Tuesday, November 13, 2012

Indonesia's Secular Tussle With Islam

During president Suharto's 32-year rule, Indonesians were constantly fed a seemingly indigestible diet of Pancasila, the five principles conceived during the struggle for independence which served as the philosophical bedrock of the future Indonesian state.

Foreign students, in particular, were taken aback at the way it occupied such a huge chunk of the curriculum at the country's command and staff college and other military institutions. Being able to "receive Pancasila in your heart," as the saying went, became something of a joke.

Not any more. In what may be a bid to win back social and political relevance, the mass Muslim organization Nahdlatul Ulama has called for the re-consolidation of Pancasila to halt Indonesia's troubling slide into religious intolerance.

Last July, former vice-president Try Sutrisno, his fellow generals ranging from Wismoyo Arismunandar to Wiranto, former Supreme Court chief justice Bagir Manan and other retired senior officials, signed a declaration urging all elements of society to return to the ways of Pancasila.

And earlier this month, armed forces chief Admiral Agus Suhartono, his service chiefs and majors from the 1999 and 2000 military academy classes held a panel discussion on "The Regeneration of Pancasila and its Relevance to the Future of the Defense Force."

The renewed focus on Pancasila is also shared among educationalists, worried that the loosening of its tenets has emboldened hardline Islamic groups to resort to extreme violence against minorities and even civil society itself.

The education ministry will reintroduce a basic Pancasila class that was struck from the curriculum five years ago.

Much of the current discourse about Pancasila means different things to different people. In many cases, it doesn't touch on Islamic radicalism at all, but on the simple imperative of maintaining national unity and related concerns over the impact of globalization and inequalities.

The military's panel discussion, for example, dwelt almost solely on Pancasila's "victory" over communism in 1965-66, a reaction to recent efforts to re-examine the bloody purge which claimed at least 500,000 lives.

After all, the keynote speaker was army chief of staff General Pramono Edhie Wibowo, the son of Lieutenant-General Sarwo Edhie Wibowo, considered the architect of the Indonesian Communist Party's destruction.

Juwono Sudarsono, a minister of both defense and education in post-Suharto administrations, says the rejection of Pancasila as New Order dogma is not the issue when Islamic radicals perceive it to be overly serving the interests of Christians and minority business professionals.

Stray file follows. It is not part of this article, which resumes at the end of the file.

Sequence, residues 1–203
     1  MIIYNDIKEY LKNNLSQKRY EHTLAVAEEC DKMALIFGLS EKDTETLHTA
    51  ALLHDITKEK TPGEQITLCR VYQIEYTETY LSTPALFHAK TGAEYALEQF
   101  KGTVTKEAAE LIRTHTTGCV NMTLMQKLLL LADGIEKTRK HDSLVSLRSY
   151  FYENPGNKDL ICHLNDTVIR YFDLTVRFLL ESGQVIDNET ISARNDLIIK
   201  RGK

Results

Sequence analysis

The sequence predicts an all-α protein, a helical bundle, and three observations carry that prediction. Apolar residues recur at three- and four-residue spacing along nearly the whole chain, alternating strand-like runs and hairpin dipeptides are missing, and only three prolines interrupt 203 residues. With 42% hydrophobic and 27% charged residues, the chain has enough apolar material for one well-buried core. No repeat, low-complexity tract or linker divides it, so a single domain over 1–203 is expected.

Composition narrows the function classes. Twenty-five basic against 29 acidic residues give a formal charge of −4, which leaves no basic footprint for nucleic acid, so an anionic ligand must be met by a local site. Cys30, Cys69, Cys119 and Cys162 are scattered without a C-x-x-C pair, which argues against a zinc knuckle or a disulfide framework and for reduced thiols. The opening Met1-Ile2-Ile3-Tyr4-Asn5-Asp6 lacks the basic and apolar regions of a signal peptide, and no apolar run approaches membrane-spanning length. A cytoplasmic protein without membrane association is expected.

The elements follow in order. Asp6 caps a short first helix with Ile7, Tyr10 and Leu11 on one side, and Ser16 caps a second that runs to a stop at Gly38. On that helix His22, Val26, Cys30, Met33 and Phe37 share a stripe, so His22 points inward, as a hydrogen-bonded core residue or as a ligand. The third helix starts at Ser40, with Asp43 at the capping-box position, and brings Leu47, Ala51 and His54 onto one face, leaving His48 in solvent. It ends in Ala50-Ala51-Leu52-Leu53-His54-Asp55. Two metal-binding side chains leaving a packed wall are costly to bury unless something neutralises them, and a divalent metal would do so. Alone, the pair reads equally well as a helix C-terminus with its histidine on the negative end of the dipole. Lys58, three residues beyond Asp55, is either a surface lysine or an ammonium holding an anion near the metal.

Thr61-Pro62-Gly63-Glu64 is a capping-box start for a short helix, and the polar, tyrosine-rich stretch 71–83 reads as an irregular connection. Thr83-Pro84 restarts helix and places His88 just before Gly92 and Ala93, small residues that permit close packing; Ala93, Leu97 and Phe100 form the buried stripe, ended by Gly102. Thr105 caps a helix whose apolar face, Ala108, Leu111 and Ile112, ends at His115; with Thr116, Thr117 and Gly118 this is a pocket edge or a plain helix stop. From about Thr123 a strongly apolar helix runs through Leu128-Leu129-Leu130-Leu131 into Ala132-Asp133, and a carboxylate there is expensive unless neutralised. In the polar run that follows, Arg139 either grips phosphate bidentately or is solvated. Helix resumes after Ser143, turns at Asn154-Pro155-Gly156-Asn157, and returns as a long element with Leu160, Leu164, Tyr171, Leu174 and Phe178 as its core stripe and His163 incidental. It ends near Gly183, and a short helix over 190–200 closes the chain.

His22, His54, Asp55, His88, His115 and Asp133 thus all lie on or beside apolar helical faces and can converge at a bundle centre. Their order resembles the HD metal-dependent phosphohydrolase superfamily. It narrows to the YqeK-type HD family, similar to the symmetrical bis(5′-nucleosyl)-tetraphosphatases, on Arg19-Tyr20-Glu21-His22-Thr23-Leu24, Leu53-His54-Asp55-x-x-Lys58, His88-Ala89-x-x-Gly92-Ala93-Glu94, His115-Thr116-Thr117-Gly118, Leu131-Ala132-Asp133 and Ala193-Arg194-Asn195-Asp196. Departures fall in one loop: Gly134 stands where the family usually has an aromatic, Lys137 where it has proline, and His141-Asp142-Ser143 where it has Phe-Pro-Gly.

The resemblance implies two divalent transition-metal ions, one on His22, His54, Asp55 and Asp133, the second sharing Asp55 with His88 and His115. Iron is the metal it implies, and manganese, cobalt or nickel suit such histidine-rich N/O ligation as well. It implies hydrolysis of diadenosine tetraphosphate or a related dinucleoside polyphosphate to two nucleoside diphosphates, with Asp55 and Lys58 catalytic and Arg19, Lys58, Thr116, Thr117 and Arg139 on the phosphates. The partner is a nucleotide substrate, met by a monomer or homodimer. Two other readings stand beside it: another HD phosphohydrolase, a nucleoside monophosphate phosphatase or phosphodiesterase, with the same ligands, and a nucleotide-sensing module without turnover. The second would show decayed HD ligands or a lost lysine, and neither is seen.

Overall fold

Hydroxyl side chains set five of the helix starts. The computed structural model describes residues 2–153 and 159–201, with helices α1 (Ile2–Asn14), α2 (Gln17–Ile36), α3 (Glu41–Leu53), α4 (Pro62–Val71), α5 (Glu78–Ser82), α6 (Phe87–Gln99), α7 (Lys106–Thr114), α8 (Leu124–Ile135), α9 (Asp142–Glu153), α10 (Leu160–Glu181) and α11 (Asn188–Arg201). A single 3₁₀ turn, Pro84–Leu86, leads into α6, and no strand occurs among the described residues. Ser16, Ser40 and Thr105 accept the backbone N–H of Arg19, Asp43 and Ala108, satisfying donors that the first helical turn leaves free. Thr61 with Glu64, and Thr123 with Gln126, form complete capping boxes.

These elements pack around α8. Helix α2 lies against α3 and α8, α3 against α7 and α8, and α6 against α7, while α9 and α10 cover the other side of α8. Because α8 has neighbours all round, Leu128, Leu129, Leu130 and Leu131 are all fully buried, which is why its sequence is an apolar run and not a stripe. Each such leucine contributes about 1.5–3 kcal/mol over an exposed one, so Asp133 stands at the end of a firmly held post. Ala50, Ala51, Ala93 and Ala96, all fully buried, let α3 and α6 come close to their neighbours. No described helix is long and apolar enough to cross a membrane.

"If you want to instill tolerance in society, you have to be able to address it in socio-economic terms," he points out.

"Pancasila is seen to be too secular and too tolerant of market capitalism. Social and economic marginalization among Muslims has been much more pronounced in the last eight to 10 years, especially among middle-class and lower middle-class workers."

Analysts like the International Crisis Group's Sidney Jones are in two minds about how it can be applied in any meaningful sense.

"Pancasila 'worked' during Suharto's rule, not because of the power of the idea but because of the coercive apparatus that went with it," she argues.

"When Pancasila comes up in the context of being an ideological basis to counter religious intolerance, then it will only succeed if there's a much more concerted effort to teach and promote pluralism, and define the first and second 'sila' as such."

Promulgated by founding president Sukarno, those sila, or principles, call for a belief in one God and a "just and civilized humanity." The three others prescribe an adherence to national unity, democracy by consensus and social justice.

But over the last decade, and particularly since the influential Indonesian Council of Ulemas fatwa against pluralism in 2005, the opposition from the conservative Muslim community seems to ensure that resurrecting Pancasila will have little impact.

For that reason alone, there has to be a willingness to use the authority of the state again to push back against the idea of Islam as the only truth. Not in a coercive manner as in the past, but resolutely all the same.

It won't be easy, given the disturbing level of intolerance that has taken root among even mainstream Muslims. Democracy has allowed for a full flowering of Muslim beliefs and the re-emergence of a hardline minority campaigning for an Islamic state.

But few if any Islamic or political leaders will speak out against that, or are willing to question why institutions like Bank Indonesia and the Supreme Court have their own elegant government-funded mosques which inexorably link Islam and the state.

Similarly, where is Pancasila applicable when Shi'ite Muslims are forced to convert to mainstream Sunnism, and Home Affairs Minister Gamawan Fauzi insists that human rights conform to local values? And when President Susilo Bambang Yudhoyono appears before the United Nations to defend draconian blasphemy laws? By John McBeth -
Jakarta Globe Reprinted courtesy of The Straits Times

No comments:

Post a Comment